But it seems really to be just an opportunity to gawk at the immorality of the medieval papacy.
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It's always interesting, to me, to read historical accounts  in context of history.  So maybe the title isn't exactly what it is, it's still an informative and entertaining read. Humans can be just atrocious. Christianity is as up for grabs as anything else in this world. And people wonder why so many people are so cynical!  It would be interesting to see how our present will be  seen in 500 years.
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I’ve read a few biographies of the popes and histories of the church (including Absolute Monarchs by John Julius Norwich) and I believe that this history focuses in on what makes the papal seat so interesting through history. I thought going in that the book was going to focus primarily on the notorious bad popes like Stephen VI (who put his predecessor’s body on trial) or the legendary Borgias, both of which are segments of the book but not really the focus. Instead this book focused on the political power behind the papal throne. Which families felt control of the papacy important to their futures? How did the early nation states use the papacy to further their claims and their power? As a result, the book is more interesting than its title suggests. I think a salacious book on the worst popes wouldn’t have been as interesting.

Chamberlin goes into greater detail and writes with a grander narrative than most histories of the time period. It isn’t a short book but it feels easy to read and to contemplate. It brings up a lot of interesting ideas about temporal power and spiritual authority. It ends with 16th century and I wonder if later papal authority wouldn’t have been interesting to consider in light of the family and national struggles of the early modern people. I think that would have been fraught using the theme of “bad popes” with more recent office holders. It could have been interesting though.

Really well written and interesting.
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A graphic illustration of the ways matters can go awry when power—temporal and spiritual—intersects with greed, moral weakness and other personality defects, The Bad Popes harks back to a traditional style of historical writing. While entertaining, it thus explains many events by invoking regional or cultural characteristics that are invariably negative as well as mythical. Still, there are few subjects as entertaining as the bad choices and poor judgment of our fellow humans, especially when they clothe themselves in the mantle of righteousness. For me, the best chapter was the final one, about Clement VII. Having read a great deal about Henry VIII, it was fascinating to learn more about his counterpart on the papal throne. It added to my understanding of the personalities and politics in play.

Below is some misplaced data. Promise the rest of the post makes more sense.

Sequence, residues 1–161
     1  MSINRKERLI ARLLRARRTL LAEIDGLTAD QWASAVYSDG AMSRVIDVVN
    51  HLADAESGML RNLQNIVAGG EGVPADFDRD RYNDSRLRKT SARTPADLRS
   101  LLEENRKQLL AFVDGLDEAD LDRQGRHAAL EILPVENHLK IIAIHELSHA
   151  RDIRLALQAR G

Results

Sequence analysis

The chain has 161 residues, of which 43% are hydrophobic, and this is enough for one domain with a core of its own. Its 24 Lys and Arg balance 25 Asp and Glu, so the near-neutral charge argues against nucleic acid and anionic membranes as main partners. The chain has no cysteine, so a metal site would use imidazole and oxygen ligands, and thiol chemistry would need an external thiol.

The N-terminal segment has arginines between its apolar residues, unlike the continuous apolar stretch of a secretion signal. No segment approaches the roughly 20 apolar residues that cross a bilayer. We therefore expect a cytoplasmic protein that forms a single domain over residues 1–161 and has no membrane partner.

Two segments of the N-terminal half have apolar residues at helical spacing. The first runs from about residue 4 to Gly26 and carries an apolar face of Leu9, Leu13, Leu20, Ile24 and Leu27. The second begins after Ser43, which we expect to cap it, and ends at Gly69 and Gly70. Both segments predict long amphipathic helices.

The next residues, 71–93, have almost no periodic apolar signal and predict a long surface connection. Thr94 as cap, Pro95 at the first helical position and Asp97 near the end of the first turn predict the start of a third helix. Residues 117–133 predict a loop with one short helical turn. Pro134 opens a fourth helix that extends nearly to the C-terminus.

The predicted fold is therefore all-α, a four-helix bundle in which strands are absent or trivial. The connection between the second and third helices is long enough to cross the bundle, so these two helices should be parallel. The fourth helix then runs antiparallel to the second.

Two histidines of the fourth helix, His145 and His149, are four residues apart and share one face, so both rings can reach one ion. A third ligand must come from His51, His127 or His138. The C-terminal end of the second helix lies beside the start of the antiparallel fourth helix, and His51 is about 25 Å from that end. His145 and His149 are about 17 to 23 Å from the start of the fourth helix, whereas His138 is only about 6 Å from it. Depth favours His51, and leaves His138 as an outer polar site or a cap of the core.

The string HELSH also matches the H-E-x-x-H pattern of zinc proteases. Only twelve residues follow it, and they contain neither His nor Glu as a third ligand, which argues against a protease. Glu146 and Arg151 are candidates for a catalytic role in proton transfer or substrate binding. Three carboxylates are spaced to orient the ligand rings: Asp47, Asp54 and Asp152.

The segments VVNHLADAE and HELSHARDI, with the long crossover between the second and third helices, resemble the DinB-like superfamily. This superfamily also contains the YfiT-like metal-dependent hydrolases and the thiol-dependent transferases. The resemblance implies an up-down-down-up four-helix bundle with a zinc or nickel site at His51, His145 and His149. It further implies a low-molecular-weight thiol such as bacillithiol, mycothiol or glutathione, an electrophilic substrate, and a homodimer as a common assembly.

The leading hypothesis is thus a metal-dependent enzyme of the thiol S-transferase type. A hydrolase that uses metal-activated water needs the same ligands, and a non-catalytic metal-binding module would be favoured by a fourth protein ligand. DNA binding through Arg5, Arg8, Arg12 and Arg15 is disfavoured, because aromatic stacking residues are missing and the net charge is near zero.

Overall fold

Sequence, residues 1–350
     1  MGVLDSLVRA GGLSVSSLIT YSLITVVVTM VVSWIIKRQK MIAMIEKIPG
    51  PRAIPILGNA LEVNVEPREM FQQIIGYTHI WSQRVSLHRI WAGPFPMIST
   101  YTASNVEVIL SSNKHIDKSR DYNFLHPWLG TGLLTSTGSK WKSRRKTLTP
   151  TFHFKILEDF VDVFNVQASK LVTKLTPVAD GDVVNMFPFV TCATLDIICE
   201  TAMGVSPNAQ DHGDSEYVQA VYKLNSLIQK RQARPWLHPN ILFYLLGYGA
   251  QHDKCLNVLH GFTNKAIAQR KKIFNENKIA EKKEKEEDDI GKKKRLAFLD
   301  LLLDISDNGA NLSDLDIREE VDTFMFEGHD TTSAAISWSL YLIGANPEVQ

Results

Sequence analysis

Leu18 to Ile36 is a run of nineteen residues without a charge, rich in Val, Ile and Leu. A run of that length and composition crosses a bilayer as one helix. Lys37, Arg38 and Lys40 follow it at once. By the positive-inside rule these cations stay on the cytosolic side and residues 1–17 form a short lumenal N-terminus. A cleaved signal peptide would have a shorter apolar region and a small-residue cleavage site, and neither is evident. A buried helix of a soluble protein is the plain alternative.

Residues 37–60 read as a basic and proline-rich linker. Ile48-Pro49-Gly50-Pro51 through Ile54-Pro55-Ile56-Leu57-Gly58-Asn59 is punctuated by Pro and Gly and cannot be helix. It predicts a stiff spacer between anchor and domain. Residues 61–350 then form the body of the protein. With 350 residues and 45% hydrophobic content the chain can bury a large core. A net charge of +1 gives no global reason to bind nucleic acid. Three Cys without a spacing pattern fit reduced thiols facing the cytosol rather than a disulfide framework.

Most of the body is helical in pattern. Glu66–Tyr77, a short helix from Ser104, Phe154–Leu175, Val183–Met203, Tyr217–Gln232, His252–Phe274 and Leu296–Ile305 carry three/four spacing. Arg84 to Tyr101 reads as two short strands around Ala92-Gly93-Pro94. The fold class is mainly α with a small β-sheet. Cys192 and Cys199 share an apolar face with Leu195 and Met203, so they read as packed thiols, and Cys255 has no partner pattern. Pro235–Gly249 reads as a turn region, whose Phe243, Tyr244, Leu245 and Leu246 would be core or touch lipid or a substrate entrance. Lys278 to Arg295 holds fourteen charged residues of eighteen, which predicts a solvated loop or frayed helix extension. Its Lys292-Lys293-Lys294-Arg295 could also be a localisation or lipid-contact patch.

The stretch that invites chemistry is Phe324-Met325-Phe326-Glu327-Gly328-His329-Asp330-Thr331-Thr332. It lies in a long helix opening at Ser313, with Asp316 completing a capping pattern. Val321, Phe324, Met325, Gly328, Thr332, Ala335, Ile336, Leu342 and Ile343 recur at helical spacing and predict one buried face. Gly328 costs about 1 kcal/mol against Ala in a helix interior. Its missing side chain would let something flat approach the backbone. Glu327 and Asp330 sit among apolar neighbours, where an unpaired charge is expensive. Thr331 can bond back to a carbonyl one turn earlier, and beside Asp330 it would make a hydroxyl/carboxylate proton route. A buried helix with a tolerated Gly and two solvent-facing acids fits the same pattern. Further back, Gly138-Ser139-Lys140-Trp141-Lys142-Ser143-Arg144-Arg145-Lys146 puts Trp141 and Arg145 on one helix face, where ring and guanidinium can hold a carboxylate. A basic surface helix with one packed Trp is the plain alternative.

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This book is not for light reading. It is very scholarly and the language is really dense. However it is informative and, once you get into it, fairly entertaining. If you have only a passing interest in the history of the papacy and its impacts on the world, this is probably not the book for you. If you're a serious history buff, you'll likely find this highly enjoyable.
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The first few pages of this book seemed very convoluted and I wasn't sure I was going to be able to get through it.  But I persevered and found that the individual stories were actually very interesting.  The author did a good job keeping the names straight between the given name and family connections and the name taken by the pope.  But it was still challenging sometimes to keep with the popes, the princes, the emperors etc.  I have read many books about the popes and the Borgia and Medici families but still found I learned something new, especially about the political climate of the time.  While this does read a little like a history book it is still informative and easy to read.  I was given an ARC of this book through Net Galley in exchange for an honest review.
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Should have been a really interesting read. 
Terribly written with no explanations. Didn’t finish, sorry.
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The massive research, perfect representation of the underworld of papacy, criminal and speculations, power struggles and folk tales made this book an exceptional work. 
I trully appreciate all the references of urban legends, connections, conspiracies, speculations so carefully researched and presented to the reader. Under the facade of holy and clean intentions lies the demonic greed and power hunger.